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On Board: TC Trustees

Spotlighting the work of TC’s dedicated Trustees
By Joe Levine

Good Counsel

Laura Butzel helps nonprofits hold the line for democracy. Now she brings her talents to TC

Laura Butzel
Laura Butzel
Laura Butzel never attended Teachers College but seems to have been predestined to join TC’s Board. A one-time aide to the House Committee on Energy and Commerce, Butzel returned to school to become more “creden­tialed” in those issues and instead fell in love with tax-exempt law. (Genes may have been at work as well — Butzel’s father set up New York City’s first environmental law firm, led success­ful fights against the Westway highway development project and construction of a hydro-electric power plant on Storm King Mountain, and helped create Hudson River Park.) Today she is a partner in the Tax-Exempt Organizations Group of Patterson Belknap Webb & Tyler LLP and a sought- after speaker and writer. Her clients have included the Rocke­feller Brothers Fund (chaired by TC Trustee Valerie Wayne), and the Rauch Foundation (headed by TC Trustee Nancy Rauch Douzinas) as well as many foundations, advocacy organizations, universi­ties and other charita­ble organizations.

“More than ever, nonprofits and foun­dations protect our democracy, personal liberty and health,” she says. “They are on the front lines, from stopping the rollback of environmental laws to blocking orders to expel immigrants.”

Butzel, whose mother returned to school and is now a practicing therapist, considers education the most important tool for change — a view shared by her mentor, TC Trustee Emerita Antonia Grumbach, a former Patterson Belknap managing partner.

“There’s increasing disregard for rigorous analysis and consideration for facts,” Butzel says. “Antonia has made me more aware of TC as a progressive educa­tion organization that is immersed in the community and committed to improving education to build a better world.”

 

Making Things Happen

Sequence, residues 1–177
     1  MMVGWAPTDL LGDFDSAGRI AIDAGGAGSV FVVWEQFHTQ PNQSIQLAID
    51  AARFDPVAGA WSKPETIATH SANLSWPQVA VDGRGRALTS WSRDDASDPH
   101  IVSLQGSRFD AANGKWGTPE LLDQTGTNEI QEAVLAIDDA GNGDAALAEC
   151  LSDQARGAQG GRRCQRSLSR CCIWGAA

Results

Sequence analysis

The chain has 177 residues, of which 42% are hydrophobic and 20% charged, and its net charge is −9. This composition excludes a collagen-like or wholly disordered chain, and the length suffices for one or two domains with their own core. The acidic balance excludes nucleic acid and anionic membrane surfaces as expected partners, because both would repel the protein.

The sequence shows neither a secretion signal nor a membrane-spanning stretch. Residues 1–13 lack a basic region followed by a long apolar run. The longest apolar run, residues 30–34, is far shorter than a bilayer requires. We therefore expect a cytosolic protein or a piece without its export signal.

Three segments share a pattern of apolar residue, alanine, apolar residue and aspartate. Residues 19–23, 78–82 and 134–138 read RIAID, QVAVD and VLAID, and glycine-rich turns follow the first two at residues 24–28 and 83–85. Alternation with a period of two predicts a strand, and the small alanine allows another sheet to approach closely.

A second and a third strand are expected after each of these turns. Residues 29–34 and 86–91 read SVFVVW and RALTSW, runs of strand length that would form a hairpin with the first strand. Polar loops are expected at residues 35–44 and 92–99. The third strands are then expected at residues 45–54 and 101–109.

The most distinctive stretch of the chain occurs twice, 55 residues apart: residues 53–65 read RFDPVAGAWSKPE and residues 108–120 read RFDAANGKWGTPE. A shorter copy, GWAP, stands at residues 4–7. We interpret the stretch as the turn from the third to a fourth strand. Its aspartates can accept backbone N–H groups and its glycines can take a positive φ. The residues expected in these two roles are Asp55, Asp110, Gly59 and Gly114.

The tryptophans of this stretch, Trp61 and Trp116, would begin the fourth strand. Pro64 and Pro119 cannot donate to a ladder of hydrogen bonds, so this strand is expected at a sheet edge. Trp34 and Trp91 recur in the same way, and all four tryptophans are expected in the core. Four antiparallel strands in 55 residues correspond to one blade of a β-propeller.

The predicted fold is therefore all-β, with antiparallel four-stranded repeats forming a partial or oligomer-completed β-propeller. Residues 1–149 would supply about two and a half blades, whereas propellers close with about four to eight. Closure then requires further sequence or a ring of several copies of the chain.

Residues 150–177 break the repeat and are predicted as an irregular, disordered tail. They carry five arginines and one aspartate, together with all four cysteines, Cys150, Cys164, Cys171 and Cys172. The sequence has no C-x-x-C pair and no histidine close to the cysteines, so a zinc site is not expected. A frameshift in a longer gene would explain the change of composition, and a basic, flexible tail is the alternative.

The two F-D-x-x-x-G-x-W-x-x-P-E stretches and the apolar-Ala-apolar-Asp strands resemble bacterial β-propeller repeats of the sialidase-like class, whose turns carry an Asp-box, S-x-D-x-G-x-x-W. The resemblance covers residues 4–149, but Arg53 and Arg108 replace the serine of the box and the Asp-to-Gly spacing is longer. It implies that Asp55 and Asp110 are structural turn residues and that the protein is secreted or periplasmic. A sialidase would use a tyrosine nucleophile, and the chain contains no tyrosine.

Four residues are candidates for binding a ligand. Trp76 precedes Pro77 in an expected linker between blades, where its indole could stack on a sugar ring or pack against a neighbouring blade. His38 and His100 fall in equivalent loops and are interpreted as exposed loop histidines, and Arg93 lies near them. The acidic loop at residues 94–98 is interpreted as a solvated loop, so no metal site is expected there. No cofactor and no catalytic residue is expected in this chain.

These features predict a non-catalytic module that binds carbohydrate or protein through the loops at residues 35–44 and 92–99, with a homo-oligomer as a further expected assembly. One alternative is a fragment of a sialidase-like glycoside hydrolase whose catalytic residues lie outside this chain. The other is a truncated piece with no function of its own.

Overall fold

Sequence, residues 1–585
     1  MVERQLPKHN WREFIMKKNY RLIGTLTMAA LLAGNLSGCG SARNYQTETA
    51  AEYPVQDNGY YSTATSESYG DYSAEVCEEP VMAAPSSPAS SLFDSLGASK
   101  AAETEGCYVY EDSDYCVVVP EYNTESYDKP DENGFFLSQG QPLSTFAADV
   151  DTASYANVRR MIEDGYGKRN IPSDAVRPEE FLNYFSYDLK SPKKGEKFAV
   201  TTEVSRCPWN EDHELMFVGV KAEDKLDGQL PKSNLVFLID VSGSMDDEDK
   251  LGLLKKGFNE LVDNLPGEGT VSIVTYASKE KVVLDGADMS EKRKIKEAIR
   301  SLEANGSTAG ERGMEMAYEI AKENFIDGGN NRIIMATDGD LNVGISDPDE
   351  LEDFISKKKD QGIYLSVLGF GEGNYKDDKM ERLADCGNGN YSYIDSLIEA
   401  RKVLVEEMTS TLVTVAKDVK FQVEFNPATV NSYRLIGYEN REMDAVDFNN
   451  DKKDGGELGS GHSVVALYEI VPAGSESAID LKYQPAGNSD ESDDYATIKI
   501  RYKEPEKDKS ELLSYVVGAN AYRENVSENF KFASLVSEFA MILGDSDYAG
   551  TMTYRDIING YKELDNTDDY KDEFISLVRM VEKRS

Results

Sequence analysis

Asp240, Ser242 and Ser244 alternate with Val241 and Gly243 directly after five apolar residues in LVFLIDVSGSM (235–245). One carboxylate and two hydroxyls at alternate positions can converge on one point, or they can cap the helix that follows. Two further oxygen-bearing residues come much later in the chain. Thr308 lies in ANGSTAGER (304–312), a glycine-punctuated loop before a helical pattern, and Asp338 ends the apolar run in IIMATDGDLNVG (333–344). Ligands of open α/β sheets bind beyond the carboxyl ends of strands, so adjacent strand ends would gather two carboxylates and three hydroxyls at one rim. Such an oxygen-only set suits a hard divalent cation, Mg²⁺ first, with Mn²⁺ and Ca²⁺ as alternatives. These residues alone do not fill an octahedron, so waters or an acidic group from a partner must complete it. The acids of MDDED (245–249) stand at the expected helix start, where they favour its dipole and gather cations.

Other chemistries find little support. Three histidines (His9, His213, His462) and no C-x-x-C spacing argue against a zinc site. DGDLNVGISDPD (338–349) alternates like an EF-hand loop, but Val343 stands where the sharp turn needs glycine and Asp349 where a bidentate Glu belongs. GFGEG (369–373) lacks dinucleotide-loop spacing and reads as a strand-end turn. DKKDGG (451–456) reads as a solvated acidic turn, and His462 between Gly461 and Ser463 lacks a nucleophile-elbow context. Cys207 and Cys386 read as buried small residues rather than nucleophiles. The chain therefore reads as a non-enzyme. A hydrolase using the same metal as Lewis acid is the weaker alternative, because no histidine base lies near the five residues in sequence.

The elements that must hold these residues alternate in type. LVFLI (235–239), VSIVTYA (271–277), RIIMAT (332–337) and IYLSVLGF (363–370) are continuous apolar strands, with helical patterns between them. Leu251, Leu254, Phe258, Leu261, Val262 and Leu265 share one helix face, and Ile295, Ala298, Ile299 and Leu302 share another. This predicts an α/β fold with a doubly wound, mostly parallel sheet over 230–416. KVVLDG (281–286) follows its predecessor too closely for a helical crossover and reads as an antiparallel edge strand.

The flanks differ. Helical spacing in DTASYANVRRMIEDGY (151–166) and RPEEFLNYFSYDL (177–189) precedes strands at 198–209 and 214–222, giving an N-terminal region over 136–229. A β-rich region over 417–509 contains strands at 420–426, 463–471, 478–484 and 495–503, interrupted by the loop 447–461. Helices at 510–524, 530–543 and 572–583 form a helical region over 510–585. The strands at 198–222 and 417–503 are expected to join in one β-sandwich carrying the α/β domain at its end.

Life has brought Helen Jaffe her share of the unexpected. She’s risen to those challenges

Helen Jaffe
Helen Jaffe
You follow the unexpected path,” says new Teachers College Trustee Helen Jaffe. “I’ve been fortunate to have opportunities where I could make an impact.”

“The unexpected” has included losing her mother to breast cancer (Jaffe has served on the board of the Samuel Waxman Cancer Research Foundation and currently serves on the board of Stamford Hospi­tal) and, with her husband, David, raising four children with severe food allergies. To address the latter issue, which afflicts 15 million Americans, the Jaffes are one of the founding families of the organization now known as FARE (Food Allergy Research & Education), the largest private organization of its kind. Beyond her effectiveness as a fundraiser (including launching and leading Connecticut’s FARE Walk), Jaffe has created educational initiatives and chaired the advocacy efforts that led to passage of Connecticut’s Stock Epinephrine Bill. The law — responding to the preventable 2012 death of a kindergarten student in Virginia — requires all schools to stock and deploy EpiPens to help any child experiencing an anaphylactic reaction. Along with her husband, Jaffe has received numerous honors for this work, including FARE’s Vision Award for Outstanding Achievement in Community Engagement.

Jaffe has also served on the boards of her children’s independent schools and on college committees. Now she brings that experience and financial know-how from her early career in commodities research and institutional sales to TC’s Board. Here, too, she responded to circumstance — her father-in-law, TC Trustee Emeritus Elliot Jaffe, has been the driving force behind the College’s Peace Corps Fellows — but was also drawn by the breadth and depth of the College’s expertise.

“TC has a huge impact in so many areas,” she says. “Leslie Nelson [Vice-Chair of TC’s Board and Co-Chair of its Campaign] has described it as a place where you can identify ways of improving things and making them happen. There are so many possibilities, and I feel so fortunate to have this opportunity.”

The College can say the same.